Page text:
(more)

 

– December 21, 2012 12:10 PM
Q.

Carolyn Hax :

One more thought: I'm offering all these suggesitons, but that doesn't change the fact that you're not responsible for another person's feelings. If Snarky Parent doesn't think your response was calibrated juuuust right, then so what? SP reaps what s/he sows. That's the more important thing you need to do here: detach. Stop hoping there's a way to please this parent. 

Q.

re: Weds column

Carolyn, Your Wednesday column raised a rarely-talked about issue between friends: envy. It's human to feel envious of those who have what we don't and would like, but it isn't an easy emotion. What do you think is the best way to navigate this minefield of (privately) acknowledging the ugly emotion but also caring genuinely for your friend?

A.
Carolyn Hax :

A lot of it I think I covered in my answer, but there are a couple of things I can add. One is to accept that we all have ugly thoughts and feelings sometimes. One of our jobs on earth is to master them, which means not letting them corrupt our behavior and making the necessary repairs when they do get the best of us.

The other is a mental exercise that I use all the time. When I feel envy, I ask myself whether I'd trade lives with that person if it were possible. No matter how fabulous that person's life, there's always at least one thing (though typically there are dozens) that I wouldn't want, enough to make me say, "No thanks, I'll keep mine."  

Actually, there's a third thing, one so obvious I almost didn't think to mention it: Keep friends you actually like. So many times, when someone really gets under your skin (with envy or something else), the truth ends up being that you're not all that crazy about the person to begin with. It's so much easier to be happy for people when it's a pleasure to have them around.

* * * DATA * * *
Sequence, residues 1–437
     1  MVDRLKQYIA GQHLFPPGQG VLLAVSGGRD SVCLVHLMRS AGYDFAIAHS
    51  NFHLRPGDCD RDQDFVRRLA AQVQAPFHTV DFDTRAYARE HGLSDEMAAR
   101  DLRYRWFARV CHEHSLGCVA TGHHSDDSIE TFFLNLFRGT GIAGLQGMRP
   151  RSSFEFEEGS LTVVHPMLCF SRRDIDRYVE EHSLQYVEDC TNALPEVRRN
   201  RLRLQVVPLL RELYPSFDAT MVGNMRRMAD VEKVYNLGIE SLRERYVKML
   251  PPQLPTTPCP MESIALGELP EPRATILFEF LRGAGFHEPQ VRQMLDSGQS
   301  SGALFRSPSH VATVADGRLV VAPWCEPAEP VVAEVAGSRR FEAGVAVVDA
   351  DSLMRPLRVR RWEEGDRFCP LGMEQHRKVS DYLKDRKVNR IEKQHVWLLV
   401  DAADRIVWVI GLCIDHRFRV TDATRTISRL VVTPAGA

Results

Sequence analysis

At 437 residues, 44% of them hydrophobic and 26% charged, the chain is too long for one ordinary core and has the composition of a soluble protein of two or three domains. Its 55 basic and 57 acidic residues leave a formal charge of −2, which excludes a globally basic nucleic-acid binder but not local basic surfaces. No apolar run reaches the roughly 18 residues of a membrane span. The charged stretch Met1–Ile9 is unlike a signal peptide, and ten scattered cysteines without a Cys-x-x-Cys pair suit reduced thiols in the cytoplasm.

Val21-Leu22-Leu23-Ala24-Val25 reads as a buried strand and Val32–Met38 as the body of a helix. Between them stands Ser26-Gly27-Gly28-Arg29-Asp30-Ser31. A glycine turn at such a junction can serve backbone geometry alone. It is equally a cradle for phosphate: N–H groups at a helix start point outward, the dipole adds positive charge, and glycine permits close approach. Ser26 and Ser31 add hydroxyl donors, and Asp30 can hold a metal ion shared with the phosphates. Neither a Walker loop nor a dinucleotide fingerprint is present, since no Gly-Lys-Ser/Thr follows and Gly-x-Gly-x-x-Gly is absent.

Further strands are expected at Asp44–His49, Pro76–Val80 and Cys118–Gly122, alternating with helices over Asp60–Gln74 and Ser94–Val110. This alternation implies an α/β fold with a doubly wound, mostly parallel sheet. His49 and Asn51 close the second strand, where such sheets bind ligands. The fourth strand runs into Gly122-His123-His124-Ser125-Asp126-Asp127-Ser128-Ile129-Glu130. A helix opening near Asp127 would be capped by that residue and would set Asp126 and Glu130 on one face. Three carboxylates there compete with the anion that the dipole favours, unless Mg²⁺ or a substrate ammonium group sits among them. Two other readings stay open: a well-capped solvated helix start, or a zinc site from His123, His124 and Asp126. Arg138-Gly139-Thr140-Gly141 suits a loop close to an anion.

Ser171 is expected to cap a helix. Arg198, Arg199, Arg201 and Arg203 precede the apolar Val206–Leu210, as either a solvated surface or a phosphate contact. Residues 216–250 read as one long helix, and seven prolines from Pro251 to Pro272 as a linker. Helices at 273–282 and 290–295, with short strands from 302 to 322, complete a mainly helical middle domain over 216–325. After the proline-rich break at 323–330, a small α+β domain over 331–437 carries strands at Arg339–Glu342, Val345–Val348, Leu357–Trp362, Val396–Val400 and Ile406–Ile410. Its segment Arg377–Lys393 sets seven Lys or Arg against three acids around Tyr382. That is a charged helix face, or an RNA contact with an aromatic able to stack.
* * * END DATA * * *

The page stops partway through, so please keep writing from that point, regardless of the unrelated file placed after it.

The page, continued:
– December 21, 2012 12:21 PM
Q.

Husband's sense of "humor"

My husband frequently makes jokes at my expense, jokes that are really more of thinly veiled hostility or criticism. When I protest, he slips an arm around my shoulder and says that he's "only kidding." However, I know deep down he really means it because these are always things about me that bother him: I'm messy, clumsy, he doesn't like the way I drive, he thinks I'm "book smart" as opposed to real-world smart, etc. It wouldn't be so bad if it weren't so CONSTANT. Sometimes I'm able to call his attention to his doing this and it's stopped him in his tracks. Other times I get an eyeroll and a "you're too sensitive" tag. I am sensitive, but I feel like if he sometimes said complimentary things, it would go a long way to mitigating the hurt of his "jokes". How do I respond to this? Do I just refuse to acknowledge him when he starts in? I feel like that leads to the silent treatment, which then makes him stonewall too. I'd like a mature way to approach this, instead of our usual way, which is finally losing it in a big shouting, crying fight.
A.
Carolyn Hax :

You can find a mature way to handle it, but if he won't also do his part to renounce his childish tactics, then you're stuck either putting your mature framework in place in a marriage where you're subjected to constant criticism for what you do followed by blame for what you feel, or you take your maturity to a divorce attorney.